Generalizing, a chain drive motorcycle may have some 5-20% less power at the rear wheel than at the crankshaft, while a shaft drive model may lose a little more than that due to greater friction. While the crankshaft power excludes these transmission losses, still the measurement is made elsewhere in the drive-train at the rear wheel. A correction for the transmission losses is applied to the measured values to obtain the crankshaft values. For motorcycles, the reported power and torque numbers pertain to the crankshaft. In directive 92/61/EEC of 30 June 1992 relating to the type-approval of two or three-wheel motor vehicles, it is referred to as "maximum engine power", manufacturers use similar terms; this convention may have come from the pre-unit construction, wherein the crankshaft was directly accessible for measurements, the gearbox might have come from a different manufacturer. However, when the engineering details of the transmission are known, the losses therein can be quantified & corrected for.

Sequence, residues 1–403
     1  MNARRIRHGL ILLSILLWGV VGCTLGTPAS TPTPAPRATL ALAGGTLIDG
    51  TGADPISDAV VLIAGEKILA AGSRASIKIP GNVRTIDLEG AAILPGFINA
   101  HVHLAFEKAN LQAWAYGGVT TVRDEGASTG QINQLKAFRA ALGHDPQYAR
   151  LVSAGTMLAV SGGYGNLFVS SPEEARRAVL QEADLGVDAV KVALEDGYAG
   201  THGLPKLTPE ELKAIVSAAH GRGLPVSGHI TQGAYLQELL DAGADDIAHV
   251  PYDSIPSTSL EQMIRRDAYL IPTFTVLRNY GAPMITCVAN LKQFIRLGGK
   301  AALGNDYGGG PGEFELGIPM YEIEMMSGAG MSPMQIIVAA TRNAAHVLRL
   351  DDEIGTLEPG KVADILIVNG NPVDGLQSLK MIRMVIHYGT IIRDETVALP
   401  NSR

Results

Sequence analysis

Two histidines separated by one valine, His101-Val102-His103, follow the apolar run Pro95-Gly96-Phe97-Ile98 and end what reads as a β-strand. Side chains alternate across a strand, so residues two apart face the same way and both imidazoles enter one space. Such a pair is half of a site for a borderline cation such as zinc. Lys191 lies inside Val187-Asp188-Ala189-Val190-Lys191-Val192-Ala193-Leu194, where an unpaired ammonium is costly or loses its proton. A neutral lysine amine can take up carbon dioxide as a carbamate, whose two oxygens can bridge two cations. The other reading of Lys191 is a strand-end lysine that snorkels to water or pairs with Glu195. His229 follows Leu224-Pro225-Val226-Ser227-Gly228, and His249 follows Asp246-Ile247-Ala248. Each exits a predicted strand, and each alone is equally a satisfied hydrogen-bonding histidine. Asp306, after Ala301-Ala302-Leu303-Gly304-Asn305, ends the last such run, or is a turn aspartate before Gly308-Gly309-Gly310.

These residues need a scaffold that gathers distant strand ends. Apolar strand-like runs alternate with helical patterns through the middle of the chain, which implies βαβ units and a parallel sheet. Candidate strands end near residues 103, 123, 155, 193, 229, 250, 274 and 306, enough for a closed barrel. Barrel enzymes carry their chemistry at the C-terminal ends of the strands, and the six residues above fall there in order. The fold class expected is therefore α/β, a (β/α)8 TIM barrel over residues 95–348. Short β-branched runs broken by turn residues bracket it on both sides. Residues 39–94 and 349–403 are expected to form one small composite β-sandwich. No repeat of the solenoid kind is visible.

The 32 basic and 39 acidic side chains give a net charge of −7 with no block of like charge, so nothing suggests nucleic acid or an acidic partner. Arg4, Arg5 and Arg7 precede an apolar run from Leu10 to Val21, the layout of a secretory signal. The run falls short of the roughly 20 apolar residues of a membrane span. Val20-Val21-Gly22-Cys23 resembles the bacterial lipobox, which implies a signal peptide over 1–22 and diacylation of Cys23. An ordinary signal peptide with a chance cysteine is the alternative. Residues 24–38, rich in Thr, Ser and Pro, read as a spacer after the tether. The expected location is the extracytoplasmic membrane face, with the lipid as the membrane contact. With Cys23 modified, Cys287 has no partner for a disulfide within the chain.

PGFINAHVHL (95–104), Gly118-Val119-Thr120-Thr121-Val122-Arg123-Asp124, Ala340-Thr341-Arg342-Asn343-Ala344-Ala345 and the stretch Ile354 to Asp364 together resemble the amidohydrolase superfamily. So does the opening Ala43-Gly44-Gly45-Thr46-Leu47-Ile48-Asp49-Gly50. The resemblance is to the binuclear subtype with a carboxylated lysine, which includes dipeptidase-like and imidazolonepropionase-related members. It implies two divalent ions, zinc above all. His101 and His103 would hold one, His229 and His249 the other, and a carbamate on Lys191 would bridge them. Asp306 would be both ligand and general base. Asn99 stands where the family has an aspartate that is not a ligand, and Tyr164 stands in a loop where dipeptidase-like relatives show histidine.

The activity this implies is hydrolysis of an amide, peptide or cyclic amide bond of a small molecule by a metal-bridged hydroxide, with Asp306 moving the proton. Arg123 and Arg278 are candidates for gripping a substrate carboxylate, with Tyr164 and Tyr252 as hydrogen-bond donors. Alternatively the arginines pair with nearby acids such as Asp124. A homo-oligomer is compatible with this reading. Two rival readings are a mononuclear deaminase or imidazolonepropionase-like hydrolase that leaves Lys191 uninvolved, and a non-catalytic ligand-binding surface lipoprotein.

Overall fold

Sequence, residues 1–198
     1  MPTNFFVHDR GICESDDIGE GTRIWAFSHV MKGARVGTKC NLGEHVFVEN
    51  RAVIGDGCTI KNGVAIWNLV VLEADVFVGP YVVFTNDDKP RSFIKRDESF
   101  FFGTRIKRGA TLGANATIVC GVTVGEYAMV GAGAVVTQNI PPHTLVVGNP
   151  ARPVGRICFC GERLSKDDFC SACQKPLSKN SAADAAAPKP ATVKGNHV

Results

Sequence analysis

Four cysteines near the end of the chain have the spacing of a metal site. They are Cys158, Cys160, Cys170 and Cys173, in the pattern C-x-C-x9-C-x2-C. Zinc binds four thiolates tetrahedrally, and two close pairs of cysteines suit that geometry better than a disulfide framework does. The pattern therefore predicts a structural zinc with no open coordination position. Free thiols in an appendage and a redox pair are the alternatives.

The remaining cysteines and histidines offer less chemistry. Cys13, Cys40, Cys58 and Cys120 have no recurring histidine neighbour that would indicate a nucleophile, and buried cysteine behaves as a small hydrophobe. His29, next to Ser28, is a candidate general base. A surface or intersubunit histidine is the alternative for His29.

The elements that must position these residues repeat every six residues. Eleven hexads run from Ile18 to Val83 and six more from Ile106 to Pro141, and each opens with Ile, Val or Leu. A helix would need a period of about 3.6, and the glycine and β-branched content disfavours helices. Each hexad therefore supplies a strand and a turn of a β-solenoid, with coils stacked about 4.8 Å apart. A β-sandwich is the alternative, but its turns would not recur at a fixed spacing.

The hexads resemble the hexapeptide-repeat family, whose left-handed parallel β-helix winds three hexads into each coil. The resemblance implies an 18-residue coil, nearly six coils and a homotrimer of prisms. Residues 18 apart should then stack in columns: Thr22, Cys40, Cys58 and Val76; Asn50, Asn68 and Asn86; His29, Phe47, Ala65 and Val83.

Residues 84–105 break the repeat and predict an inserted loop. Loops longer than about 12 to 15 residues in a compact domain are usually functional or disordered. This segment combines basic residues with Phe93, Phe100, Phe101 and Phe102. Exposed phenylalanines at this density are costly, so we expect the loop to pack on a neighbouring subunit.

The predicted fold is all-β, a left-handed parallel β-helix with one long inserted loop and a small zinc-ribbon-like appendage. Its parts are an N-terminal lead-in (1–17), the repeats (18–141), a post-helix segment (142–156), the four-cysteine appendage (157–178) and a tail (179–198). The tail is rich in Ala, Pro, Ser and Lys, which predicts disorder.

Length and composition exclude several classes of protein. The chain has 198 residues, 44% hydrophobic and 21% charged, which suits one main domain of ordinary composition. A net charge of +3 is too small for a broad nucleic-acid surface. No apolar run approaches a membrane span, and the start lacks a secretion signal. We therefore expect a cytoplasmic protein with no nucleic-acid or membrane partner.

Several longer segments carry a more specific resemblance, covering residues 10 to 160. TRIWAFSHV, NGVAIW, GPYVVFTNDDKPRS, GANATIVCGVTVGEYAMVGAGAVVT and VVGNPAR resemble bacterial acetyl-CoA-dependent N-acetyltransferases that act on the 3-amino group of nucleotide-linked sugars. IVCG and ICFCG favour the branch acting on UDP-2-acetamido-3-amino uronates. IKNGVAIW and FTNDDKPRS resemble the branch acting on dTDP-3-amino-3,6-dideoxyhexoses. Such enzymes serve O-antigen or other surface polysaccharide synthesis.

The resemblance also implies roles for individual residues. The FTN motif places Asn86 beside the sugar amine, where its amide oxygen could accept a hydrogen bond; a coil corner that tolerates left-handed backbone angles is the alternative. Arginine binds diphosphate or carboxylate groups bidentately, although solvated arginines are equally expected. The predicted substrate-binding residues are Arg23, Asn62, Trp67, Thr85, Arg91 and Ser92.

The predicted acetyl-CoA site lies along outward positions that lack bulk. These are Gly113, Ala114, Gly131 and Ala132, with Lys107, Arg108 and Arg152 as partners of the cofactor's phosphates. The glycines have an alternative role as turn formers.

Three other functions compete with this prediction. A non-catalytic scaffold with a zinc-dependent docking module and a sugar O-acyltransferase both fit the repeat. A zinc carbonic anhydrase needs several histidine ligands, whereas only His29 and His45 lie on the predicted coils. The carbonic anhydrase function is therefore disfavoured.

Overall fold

Explicit guidance on the homologation measurements and transmission corrections is given in directive 95/1/EC. A main source of ambiguity and differences comes from the conditions; these conditions include details like atmospheric conditions, tire pressure, but most importantly: the conditions of the motorcycle itself. Examples thereof are: was the alternator fitted?. One would hope that manufacturers would test their motorcycles in normal running order, so the condition that they are sold in, for which they obtained type-approval, but this is not always the case. Ducati, for instance, has chosen to publish more positive values, stating that "Technical data referring to power and torque was measured on an engine test stand at Ducati", their published values are 5% higher than the homologation values, in normal running order. Motorcycle weight is expressed in three ways: gross vehicle weight rating, dry weight and wet weight. GVWR is the maximum total weight of the motorcycle including all consumables, the rider, any passenger, any cargo.